HOW YOUR SWEAT CHANGES WHEN YOU ARE STRESSED

When you are stressed, your body releases more of the hormone cortisol. and can be detected in blood, sweat, saliva, and urine.

Manufactured by our adrenal glands from cholesterol, cortisol performs several essential functions in the human body, including regulating blood pressure, blood sugar levels, and metabolism.

When we find ourselves in stressful situations, cortisol works to ensure that the body directs energy to the brain, heart, and muscles to handle the situation.

Stress sweat is also released from apocrine glands rather than sweat glands, which produce a milkier sweat made up of fatty acids and proteins.

For the study, published today in plus onethe dogs in the study were first trained in how to look for a scent lineup and alert the researchers to the correct sample.

Next, sweat and breath samples were collected from 36 people before and after solving a difficult math problem, four minutes apart.

Their blood pressure and heart rate were measured both before and after the task, and the participants also reported their stress levels.

The dogs were then introduced to the stressed and relaxed samples of participants whose vital signs had increased and who reported stress from the calculation.

They were asked to find the participant’s stressed sample while the same person’s relaxed sample was also on the scent list.

At this stage, the researchers didn’t know if there was an odor difference that the dogs, which were of different breeds and mixes of breeds, could detect.

To their surprise, after a quick investigation, the sniffer pups were able to correctly alert the researchers to each person’s stressed sample 93.75 percent of the time, far more than chance.

This is thought to be because an acute psychological stress response results in physiological processes that alter the odor profile of human breath and sweat.

The authors conclude that dogs can detect an odor associated with the change in organic compounds produced by humans when stressed.

This could have applications for training service dogs with anxiety and post-traumatic stress disorders that currently respond predominantly to visual cues.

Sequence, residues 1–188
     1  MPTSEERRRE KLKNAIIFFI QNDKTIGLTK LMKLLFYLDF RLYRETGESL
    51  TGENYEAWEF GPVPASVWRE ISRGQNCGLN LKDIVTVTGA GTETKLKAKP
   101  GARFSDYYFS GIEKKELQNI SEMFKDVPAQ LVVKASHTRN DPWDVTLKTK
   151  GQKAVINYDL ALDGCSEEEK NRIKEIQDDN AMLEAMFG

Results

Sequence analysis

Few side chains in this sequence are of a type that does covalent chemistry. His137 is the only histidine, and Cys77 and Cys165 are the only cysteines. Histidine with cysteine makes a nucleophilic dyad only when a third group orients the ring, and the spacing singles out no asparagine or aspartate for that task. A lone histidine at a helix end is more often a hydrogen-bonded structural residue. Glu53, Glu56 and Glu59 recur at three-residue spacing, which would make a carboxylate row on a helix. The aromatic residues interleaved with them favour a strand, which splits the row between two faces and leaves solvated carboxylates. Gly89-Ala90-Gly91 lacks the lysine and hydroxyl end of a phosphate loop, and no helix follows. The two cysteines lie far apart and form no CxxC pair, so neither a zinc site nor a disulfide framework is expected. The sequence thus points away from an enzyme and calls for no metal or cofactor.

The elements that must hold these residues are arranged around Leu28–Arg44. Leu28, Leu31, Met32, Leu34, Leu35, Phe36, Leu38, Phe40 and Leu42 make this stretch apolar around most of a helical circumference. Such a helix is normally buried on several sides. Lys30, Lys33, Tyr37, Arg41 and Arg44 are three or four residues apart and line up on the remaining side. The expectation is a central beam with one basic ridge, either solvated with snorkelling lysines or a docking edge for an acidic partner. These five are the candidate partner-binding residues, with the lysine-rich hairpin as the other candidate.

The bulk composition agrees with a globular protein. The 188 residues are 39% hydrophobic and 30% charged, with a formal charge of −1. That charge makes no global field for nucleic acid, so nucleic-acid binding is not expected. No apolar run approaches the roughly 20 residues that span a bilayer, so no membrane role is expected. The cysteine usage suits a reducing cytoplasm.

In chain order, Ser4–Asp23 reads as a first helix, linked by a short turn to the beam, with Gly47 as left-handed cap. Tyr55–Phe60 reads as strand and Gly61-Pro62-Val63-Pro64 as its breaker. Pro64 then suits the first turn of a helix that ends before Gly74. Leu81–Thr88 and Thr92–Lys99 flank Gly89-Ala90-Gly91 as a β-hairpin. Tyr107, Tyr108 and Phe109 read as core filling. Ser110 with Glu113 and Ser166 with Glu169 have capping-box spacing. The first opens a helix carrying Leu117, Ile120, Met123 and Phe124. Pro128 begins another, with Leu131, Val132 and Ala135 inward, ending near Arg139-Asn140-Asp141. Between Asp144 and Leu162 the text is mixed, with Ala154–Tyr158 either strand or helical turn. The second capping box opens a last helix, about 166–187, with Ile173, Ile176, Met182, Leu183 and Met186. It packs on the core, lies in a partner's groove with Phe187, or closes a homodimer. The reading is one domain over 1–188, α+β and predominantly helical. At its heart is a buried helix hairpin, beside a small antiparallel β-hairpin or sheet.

The findings could have applications for training anxiety and PTSD service dogs that currently respond predominantly to visual cues (file image)

The findings could have applications for training anxiety and PTSD service dogs that currently respond predominantly to visual cues (file image)

The findings could have applications for training anxiety and PTSD service dogs that currently respond predominantly to visual cues (file image)

One of the super-sniffing canines in the study was Treo, a two-year-old cocker spaniel.

Her owner, Helen Parks, said: “As the owner of a dog who loves to sniff, we were delighted and curious to see Treo take part in the study.

“We couldn’t wait to hear the results every week when we picked it up.

‘He was always so excited to see the researchers at Queen’s and could find his own way to the lab.

The study made us more aware of a dog’s ability to use its nose to ‘see’ the world.

“We think this study really built on Treo’s ability to sense a change in emotions at home.

“The study reinforced for us that dogs are highly sensitive and intuitive animals and that using what they do best is sniffing.”

Dogs can ‘see’ with their noses: Scientists discover new link between smell and vision in the brain of domestic canines

Dogs may be using their highly sensitive noses to ‘see’ as well as smell, a new study suggests.

Researchers have discovered a “long pathway” in the brain of domestic dogs that links the areas that handle smell and vision.

This allows dogs to have a remarkable sense of direction and awareness, even when they can’t see, which explains how some blind dogs can play fetch.

Dogs’ strong sense of smell can help them detect and distinguish between different objects and obstacles, even if they are blind.

The new study provides the first evidence that dogs’ sense of smell is integrated with their vision and other unique parts of the brain.

read more here

.